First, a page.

Yesterday, Governor Rick Scott announced the selection of two Jacksonville leaders, Earl Johnson and Rutledge Henry Pearson, to the Florida Civil Rights Hall of Fame. Also announced was the selection of Jesse McCrary, Jr. of Miami. Governor Scott chose these three from a list of 10 distinguished nominees selected by the Florida Commission on Human Relations for making significant contributions to the improvement of life for minorities and all citizens of Florida.
Earl M. Johnson (1928-1988) was the first African-American to become a member of the Jacksonville Bar Association. Johnson also served as chair of the Florida Board of Bar Examiners and was instrumental during the Consolidation of Jacksonville through his service on the Local Government Study Commission as secretary. Johnson was committed to fighting inequality and segregation throughout his life and distinguished himself by representing many civil rights activists, including Dr. Martin Luther King, Jr. and Ambassador Young. His cases helped to desegregate many public places in Florida, including schools, parks, water fountains and hospitals. The Earl M. Johnson Memorial Park in Jacksonville was created and named in honor of his work for the civil rights movement.
Rutledge Henry Pearson (1929-1967) was an American history teacher, civil rights leader and human rights activist who focused on empowering his students to become involved in the civil rights movement and promote nonviolence. Pearson first became involved in the civil rights movement as a baseball player when Jacksonville park officials chose to close the park rather than allow organized baseball to become integrated. In 1961, he was elected President of the Jacksonville Branch of the NAACP and later elected President of the Florida State Conference of the NAACP. Under his leadership, peaceful demonstrations against segregated hotels and restaurants were held and membership grew. Rutledge H. Pearson Elementary School in Jacksonville is named in his honor.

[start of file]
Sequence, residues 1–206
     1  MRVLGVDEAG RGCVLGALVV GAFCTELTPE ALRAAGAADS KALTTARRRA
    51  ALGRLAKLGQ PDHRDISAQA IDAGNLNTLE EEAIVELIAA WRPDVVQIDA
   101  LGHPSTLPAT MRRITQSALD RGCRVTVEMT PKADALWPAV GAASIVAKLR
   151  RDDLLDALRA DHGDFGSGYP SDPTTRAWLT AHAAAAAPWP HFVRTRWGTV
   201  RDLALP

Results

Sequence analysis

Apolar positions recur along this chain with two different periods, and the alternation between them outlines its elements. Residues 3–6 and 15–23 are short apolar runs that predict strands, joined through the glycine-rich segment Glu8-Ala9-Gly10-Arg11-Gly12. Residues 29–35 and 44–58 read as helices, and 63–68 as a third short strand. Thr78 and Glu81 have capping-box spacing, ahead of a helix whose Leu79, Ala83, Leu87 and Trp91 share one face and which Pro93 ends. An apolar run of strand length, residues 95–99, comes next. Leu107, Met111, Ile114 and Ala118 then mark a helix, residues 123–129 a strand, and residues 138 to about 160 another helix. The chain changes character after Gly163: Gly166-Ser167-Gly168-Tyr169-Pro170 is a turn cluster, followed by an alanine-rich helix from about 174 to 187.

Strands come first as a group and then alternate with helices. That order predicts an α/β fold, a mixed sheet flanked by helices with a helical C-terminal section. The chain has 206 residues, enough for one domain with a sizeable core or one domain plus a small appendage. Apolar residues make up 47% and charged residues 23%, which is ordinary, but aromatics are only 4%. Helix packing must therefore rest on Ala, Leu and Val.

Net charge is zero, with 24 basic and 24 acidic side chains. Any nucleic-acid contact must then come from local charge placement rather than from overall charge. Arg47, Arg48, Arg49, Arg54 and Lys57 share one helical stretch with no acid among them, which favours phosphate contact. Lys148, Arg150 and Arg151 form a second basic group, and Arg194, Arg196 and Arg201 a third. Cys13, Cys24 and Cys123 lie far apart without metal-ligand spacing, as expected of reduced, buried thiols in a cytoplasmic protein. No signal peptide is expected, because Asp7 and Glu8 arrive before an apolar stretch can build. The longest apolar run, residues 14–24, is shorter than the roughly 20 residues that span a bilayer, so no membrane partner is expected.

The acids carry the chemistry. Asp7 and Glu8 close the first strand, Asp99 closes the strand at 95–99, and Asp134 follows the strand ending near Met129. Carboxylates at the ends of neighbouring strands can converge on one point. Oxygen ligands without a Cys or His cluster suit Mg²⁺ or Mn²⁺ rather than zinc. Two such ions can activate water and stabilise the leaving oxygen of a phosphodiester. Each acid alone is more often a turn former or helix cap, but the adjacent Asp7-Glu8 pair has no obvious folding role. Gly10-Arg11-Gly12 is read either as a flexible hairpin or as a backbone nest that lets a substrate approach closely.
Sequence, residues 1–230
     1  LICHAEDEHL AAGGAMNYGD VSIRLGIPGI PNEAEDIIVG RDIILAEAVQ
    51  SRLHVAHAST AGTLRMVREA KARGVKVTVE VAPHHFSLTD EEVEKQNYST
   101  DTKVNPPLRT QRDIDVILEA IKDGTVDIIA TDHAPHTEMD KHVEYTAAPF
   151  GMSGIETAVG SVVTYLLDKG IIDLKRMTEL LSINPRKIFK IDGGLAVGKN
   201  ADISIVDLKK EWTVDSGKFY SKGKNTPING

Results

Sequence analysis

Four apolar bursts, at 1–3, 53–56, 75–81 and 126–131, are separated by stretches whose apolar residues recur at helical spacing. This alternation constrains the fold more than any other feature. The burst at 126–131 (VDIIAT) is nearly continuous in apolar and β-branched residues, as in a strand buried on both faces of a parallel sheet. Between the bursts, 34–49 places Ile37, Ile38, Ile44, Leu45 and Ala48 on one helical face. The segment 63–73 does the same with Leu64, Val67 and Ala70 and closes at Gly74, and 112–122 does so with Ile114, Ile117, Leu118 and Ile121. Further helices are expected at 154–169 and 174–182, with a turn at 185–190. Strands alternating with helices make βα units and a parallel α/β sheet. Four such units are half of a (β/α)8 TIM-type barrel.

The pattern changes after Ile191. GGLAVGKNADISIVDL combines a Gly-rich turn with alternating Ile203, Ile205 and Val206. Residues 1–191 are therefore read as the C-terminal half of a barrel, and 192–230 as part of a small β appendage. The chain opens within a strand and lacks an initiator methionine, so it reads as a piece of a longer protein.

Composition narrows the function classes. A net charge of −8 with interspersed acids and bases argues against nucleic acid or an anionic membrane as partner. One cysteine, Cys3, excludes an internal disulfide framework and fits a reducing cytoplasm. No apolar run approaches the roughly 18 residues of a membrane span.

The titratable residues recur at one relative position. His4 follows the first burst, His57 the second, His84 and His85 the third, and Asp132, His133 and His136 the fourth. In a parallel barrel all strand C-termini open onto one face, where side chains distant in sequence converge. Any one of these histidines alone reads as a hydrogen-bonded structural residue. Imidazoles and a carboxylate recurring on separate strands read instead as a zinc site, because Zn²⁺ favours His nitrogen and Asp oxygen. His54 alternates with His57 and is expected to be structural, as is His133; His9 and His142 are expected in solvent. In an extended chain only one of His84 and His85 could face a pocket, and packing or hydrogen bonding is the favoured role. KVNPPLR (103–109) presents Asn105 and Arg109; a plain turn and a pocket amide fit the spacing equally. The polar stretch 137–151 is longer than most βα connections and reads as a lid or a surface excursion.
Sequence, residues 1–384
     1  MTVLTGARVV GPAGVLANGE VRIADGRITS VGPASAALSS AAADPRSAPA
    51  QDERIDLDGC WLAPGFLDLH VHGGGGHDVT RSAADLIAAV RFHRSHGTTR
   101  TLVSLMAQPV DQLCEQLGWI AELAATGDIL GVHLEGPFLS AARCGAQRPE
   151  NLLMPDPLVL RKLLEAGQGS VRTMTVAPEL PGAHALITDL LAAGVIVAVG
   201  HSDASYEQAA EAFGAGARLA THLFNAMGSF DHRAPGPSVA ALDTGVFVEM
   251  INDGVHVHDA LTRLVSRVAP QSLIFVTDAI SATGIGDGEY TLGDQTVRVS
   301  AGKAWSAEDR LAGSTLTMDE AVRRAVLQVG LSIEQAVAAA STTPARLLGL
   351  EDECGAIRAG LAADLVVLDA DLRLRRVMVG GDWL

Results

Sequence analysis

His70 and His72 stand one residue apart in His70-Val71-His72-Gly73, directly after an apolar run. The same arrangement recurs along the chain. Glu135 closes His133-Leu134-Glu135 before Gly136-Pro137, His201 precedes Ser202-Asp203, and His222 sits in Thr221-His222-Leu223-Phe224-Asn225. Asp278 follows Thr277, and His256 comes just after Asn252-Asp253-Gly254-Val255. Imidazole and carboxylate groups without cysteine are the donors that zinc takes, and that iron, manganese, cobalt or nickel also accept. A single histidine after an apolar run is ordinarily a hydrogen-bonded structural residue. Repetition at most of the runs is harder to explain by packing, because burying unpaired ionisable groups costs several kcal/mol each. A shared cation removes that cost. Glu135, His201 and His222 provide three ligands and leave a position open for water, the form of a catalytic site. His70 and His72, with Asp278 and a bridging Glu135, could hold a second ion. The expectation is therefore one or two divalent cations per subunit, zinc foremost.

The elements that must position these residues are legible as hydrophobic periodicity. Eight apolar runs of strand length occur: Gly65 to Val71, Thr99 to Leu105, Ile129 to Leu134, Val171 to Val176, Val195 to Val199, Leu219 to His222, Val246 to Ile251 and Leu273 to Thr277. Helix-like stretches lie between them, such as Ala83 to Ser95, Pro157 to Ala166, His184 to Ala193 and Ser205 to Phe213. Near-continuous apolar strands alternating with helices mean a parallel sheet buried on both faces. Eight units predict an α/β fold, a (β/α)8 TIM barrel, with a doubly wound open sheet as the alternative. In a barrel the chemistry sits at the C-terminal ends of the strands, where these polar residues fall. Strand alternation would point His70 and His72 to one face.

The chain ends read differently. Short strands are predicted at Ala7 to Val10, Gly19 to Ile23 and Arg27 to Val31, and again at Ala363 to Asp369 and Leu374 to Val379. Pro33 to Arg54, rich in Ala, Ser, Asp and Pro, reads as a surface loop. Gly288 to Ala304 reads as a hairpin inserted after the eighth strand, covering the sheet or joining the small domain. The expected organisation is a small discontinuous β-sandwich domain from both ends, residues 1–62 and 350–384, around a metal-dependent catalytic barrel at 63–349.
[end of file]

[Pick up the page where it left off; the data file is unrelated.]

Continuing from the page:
Jesse McCrary, Jr. (1937-2007), formerly of Miami, was the first African-American to serve as secretary of state in the Florida Cabinet since Reconstruction, as well as the first African-American assistant attorney general. As a student at Florida A & M University, McCrary helped organize sit-ins in Tallahassee against racial discrimination. After graduation, he served in the United States Army and received an honorable discharge as a First Lieutenant. McCrary went on to become the first African-American lawyer to argue before the United States Supreme Court on behalf of a southern state. He later became the first African-American in the south to be appointed to the United States Circuit Court of Appeals. During his life, McCrary argued many landmark state and federal cases including Neil v. State, which prohibited the dismissal of jurors solely on the basis of race. In 2002, the Florida A & M College of Law founded the Jesse McCrary, Jr. Chapter of National Black Law Students Association and, in 2013, the Little River Post Office in Miami was dedicated and renamed in recognition of his work as a civil rights pioneer.